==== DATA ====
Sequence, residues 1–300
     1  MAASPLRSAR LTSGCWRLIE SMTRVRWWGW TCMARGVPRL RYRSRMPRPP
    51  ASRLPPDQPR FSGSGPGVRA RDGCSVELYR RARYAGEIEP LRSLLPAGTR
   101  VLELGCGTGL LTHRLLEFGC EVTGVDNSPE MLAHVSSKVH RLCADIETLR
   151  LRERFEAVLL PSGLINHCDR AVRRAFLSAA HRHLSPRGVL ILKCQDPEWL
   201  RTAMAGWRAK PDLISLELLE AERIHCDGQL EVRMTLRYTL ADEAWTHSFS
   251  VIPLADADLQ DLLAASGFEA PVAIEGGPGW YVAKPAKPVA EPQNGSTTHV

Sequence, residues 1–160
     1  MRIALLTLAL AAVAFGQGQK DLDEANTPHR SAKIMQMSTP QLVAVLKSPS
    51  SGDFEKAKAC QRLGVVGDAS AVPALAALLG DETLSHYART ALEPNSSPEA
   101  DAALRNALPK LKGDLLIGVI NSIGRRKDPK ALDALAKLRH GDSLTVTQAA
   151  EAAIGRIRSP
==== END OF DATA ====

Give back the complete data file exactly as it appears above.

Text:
Sequence, residues 1–300
     1  MAASPLRSAR LTSGCWRLIE SMTRVRWWGW TCMARGVPRL RYRSRMPRPP
    51  ASRLPPDQPR FSGSGPGVRA RDGCSVELYR RARYAGEIEP LRSLLPAGTR
   101  VLELGCGTGL LTHRLLEFGC EVTGVDNSPE MLAHVSSKVH RLCADIETLR
   151  LRERFEAVLL PSGLINHCDR AVRRAFLSAA HRHLSPRGVL ILKCQDPEWL
   201  RTAMAGWRAK PDLISLELLE AERIHCDGQL EVRMTLRYTL ADEAWTHSFS
   251  VIPLADADLQ DLLAASGFEA PVAIEGGPGW YVAKPAKPVA EPQNGSTTHV

Sequence, residues 1–160
     1  MRIALLTLAL AAVAFGQGQK DLDEANTPHR SAKIMQMSTP QLVAVLKSPS
    51  SGDFEKAKAC QRLGVVGDAS AVPALAALLG DETLSHYART ALEPNSSPEA
   101  DAALRNALPK LKGDLLIGVI NSIGRRKDPK ALDALAKLRH GDSLTVTQAA
   151  EAAIGRIRSP